Many consumers have at least a passing knowledge of what activities could hurt their credit score. Failing to pay off credit card bills on time is at the top of the list. So is missing mortgage or student loan payments.
But most consumers probably don't realize that there are a number of smaller activities that they undertake that can also affect their credit score.
Bad driving, for example.
As noted by a recent article on Daily Finance, there are a number of ways that our driving habits can hurt our credit without us realizing it.
Obviously, it's not a good thing to miss a car payment. Auto loans do affect credit, and the inability to pay them on time does not reflect well on a borrower. This is even the case for adults who have co-signed for auto loans that their teenagers take out to pay for that first car.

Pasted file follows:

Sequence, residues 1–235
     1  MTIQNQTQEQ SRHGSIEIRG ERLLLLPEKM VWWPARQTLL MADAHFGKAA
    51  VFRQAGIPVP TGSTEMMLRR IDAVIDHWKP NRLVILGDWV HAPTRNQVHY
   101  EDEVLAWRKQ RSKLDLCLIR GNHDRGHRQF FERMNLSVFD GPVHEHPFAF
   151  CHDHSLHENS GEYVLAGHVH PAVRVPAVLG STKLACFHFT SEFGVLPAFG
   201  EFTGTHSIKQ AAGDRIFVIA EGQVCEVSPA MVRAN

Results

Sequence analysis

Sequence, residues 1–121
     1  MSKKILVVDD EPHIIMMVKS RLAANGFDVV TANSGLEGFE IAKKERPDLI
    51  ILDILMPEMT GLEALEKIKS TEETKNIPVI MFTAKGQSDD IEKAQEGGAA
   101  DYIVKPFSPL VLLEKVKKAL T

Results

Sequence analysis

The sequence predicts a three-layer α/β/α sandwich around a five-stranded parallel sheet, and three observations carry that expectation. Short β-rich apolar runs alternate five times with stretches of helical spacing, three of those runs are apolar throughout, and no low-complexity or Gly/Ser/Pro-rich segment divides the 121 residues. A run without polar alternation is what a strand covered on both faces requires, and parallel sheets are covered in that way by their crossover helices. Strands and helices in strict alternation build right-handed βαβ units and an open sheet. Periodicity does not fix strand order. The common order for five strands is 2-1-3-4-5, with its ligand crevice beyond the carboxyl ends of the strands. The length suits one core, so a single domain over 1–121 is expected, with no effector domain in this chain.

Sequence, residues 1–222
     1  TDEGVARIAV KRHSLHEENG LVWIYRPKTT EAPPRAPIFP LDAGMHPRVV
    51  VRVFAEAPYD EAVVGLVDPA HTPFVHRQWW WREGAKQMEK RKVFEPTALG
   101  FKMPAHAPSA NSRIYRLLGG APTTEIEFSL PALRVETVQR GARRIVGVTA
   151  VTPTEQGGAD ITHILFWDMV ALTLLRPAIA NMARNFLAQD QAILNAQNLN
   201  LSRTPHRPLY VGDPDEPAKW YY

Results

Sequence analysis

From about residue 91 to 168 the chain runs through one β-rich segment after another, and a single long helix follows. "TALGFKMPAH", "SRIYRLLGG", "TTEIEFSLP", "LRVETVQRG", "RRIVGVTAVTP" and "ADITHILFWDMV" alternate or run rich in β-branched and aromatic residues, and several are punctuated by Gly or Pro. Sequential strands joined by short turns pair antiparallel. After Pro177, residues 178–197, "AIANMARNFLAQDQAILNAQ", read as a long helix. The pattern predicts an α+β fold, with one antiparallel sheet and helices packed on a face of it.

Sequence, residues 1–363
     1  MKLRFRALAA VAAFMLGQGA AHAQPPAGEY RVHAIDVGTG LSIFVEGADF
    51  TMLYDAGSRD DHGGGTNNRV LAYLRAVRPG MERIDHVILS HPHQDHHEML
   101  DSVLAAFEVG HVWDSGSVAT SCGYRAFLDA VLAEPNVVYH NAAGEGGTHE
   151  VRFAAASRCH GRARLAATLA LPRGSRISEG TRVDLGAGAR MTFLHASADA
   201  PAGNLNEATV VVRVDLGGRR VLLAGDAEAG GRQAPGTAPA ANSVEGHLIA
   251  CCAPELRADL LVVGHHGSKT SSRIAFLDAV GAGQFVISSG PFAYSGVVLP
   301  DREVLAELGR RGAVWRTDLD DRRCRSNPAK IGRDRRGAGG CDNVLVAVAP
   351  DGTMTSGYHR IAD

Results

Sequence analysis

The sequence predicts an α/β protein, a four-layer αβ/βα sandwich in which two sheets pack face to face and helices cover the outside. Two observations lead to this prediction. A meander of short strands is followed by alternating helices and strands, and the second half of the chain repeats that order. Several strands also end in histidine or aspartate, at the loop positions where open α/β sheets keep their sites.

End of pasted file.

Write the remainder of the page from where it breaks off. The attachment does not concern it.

Irresponsible activity while on the road can also indirectly affect your score. Car accidents and DUIs can result in expensive repairs and often equally expensive tickets. If these are not paid for properly and on time, creditors will know about it. They also learn about unpaid tickets and fines, which can appear on credit reports if they are not taken care of.
Lenders should be aware that anyone applying for a loan could have a driving history that may actually indicate whether they will pay their debts back on time. For these cases, lenders should resort to risk assessment tools to make the best judgment.